Wednesday, December 31, 2014

Cambodia - Day 15: Phnom Penh

New Year’s Eve morning arrived, the last day of the year, and Angela said she didn’t feel any better. She stayed in bed while Vito and I went down to the lobby, which doubled as a diner, for breakfast. I wasn’t feeling 100%, but I ordered a waffle and a cup of coffee and manage to keep it all down. When we were finished eating, Vito and I hailed a tuk-tuk and drove to the Russian Market for a little souvenir shopping.

In front of the Royal Palace.
The market was chaotic: vendors of shoes, jewelry and beads, dishes, cell phone cases, rice paper rubbings, paintings and wood carvings, bicycle tires, tools, housewares, garments and leather-goods, all of the kinds of tourist tchotchkes that you might expect. Outside the market, there were trays of snails covered in salt and peppers, inside, soup stalls were billowing smoke throughout the heart of the market, tiny plastic chairs and stools and aluminum tables and counters, mannequins without heads, leaking mopeds lined up along the outer wall, modified tuk-tuks with extra plastic fuel tanks, fire-pots and BBQs, birds of all proportion on spits, young and old on mopeds, mopeds in varying states of repair, dust-covered red oblong lanterns with red tassels, misshapen sidewalks and cars and bicycles parked willy-nilly, people wearing masks on their faces. Many buildings were covered with corrugated blue roofs, Buddhist flags flew everywhere and everywhere elephant statues, rusted iron fences in front of dilapidated buildings, an old ferris wheel, a plant nursery, a man selling inflated mini-Power Ranger toys, etc. Vito bought a keychain to add to his collection, I bought a rice paper rubbing for a friend, and then we returned to the hotel. It really wasn’t as enjoyable to go sightseeing without Angela. Before returning, the tuk-tuk driver gave Vito and me a tour around of the city, driving us through a wealthy neighborhood and showing us where all of the New Year’s Eve action would be going down.

When we arrived at the hotel, I grabbed a Sprite in the lobby (it had soothed my own stomach the day before) thinking Angela might want something to help settle her stomach, and went back upstairs. Angela was feeling good enough to go out, and, after some preparation, we left for a bowl of noodles. It was Angela’s turn to eat rice, and everyone ate without further ado.

The Silver Pagoda.
We left the noodle restaurant and walked around the block to The Royal Palace and Silver Pagoda. Angela wasn’t feeling very lively, but we walked around the site, which was quite beautiful and well maintained. In particular, there was a long continuous mural of scenes from the Reamker (the Khmer version of the Indian Ramayana, a classical Hindu literary tale) along the inner wall of the courtyard of The Silver Pagoda. After taking in as much as we could, we returned to our hotel to look for a place to eat our New Year’s Eve meal. We didn't really have the celebratory spirit, but we felt obliged to mark the occasion.

I found a restaurant nearby called Dine in the Dark, wherein we did exactly that. We ate our meal in complete darkness. After waiting a bit in the lobby, we held onto each other (I had my hand on our blind server’s shoulder), and we were guided up the stairs into darkness and then to our seats. The food was not outstanding, but the experience was unusual and memorable. I thought Vito would be too scared, and we all were a little uncomfortable or claustrophobic at first, but, after the second of four courses, we were all fine.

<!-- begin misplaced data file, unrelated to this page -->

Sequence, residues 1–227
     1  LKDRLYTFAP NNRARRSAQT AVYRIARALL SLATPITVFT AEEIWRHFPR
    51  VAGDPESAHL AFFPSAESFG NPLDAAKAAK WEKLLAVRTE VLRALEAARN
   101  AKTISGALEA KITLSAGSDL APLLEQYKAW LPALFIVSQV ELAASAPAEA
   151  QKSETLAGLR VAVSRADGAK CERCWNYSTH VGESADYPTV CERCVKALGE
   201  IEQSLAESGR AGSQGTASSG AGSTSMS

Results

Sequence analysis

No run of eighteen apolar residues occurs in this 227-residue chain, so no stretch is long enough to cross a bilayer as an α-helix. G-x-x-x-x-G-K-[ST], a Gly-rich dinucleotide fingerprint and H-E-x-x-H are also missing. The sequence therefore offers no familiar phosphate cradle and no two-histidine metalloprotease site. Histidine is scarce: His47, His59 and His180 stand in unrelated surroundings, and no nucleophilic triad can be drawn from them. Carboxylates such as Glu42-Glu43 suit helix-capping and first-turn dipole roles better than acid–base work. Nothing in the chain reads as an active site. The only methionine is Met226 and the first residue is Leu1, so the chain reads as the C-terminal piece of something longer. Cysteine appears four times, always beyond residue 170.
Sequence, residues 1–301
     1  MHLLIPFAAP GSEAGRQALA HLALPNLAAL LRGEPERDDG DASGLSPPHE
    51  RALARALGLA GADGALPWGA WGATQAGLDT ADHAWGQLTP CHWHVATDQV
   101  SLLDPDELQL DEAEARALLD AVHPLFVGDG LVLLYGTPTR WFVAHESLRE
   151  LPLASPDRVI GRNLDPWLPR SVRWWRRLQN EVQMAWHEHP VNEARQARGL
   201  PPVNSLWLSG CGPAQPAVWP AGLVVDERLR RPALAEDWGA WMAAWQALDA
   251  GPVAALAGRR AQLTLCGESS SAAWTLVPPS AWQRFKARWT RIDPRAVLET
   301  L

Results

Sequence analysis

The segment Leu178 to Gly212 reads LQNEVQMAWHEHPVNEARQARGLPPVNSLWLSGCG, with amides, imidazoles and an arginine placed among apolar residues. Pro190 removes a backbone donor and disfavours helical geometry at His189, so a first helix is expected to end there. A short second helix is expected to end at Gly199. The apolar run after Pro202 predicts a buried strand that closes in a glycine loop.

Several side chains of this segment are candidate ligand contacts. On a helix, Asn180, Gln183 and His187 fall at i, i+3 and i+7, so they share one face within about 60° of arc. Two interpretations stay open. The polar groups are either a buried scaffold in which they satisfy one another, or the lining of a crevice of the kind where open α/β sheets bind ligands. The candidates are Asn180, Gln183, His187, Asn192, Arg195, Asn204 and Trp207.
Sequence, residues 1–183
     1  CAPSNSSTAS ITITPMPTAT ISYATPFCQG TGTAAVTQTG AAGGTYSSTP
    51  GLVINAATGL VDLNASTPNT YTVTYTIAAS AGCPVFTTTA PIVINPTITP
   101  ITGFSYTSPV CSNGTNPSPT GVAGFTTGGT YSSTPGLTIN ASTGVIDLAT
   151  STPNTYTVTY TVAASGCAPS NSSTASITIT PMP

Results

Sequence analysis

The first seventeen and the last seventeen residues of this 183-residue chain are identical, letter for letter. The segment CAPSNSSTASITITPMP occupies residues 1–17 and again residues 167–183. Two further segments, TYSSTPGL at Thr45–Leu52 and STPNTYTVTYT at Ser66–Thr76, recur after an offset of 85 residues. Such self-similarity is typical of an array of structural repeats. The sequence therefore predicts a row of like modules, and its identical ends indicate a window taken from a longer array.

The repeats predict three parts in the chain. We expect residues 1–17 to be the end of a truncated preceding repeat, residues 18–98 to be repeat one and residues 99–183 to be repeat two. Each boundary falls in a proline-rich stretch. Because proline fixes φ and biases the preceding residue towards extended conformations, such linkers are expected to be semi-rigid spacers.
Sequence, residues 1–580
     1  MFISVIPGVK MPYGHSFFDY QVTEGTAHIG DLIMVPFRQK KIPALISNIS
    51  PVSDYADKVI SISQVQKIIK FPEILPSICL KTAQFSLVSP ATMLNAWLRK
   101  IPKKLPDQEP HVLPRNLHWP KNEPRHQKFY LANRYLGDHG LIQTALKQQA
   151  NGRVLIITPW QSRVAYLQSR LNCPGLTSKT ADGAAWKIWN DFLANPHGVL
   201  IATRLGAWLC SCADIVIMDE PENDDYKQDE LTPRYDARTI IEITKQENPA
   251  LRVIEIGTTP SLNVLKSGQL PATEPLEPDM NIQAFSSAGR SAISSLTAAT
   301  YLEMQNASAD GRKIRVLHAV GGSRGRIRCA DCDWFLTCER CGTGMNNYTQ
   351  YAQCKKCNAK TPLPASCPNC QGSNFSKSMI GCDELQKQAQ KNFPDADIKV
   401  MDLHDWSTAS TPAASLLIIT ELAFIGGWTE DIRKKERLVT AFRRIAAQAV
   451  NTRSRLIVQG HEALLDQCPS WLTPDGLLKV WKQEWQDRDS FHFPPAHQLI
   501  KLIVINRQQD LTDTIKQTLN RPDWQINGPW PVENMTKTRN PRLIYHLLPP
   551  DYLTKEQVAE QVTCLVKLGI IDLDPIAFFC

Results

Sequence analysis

Unusual flower. Do you know its name?
After dinner, we took a tuk-tuk to the river and, as we had a few hours to kill before midnight, we walked to Diamond City, the epicenter of Phnom Penh’s New Year’s Eve mayhem. The streets were crowded with vehicles of all variety, and the sidewalks were full of Cambodians eating and drinking and making merry on every sidewalk or patch of grass in the vicinity. We arrived at the main stage, which featured some Cambodian boy-band, and then turned around to go back. We bought a bag of popcorn for Vito and, after making our way to the main street, hailed a tuk-tuk to take us nearer our hotel.

We found a seat on a stone wall along the Mekong, and sat down to wait the final hour until midnight. Vito was quite tired and fell asleep. I bought a can of beer for myself and a bottle of water for Angela from one of the vendors wheeling around their orange ice-chests, and the sidewalk, lawn and streets around us got progressively more and more choked with people. Party boats cruised by on the river. Periodically, someone would light one of those long bottle-rocket fireworks we had seen in Sihanoukville, and, at about three minutes before midnight, individuals all along the waterfront began firing their pyrotechnic joy-buzzers. Smoke and sparks were spewing into the sky all around us. Midnight arrived with the thunder of the featured fireworks show in the sky above that everyone had been waiting for, and Vito woke up and hugged us. We watched until the show ended, and then headed up the street toward our hotel. It was closed up and locked when we arrived, but I noticed a small dimly-lit button on the wall, pressed it, and, within moments, a door opened and we were admitted into the hotel and then went promptly to bed. Happy 2015!

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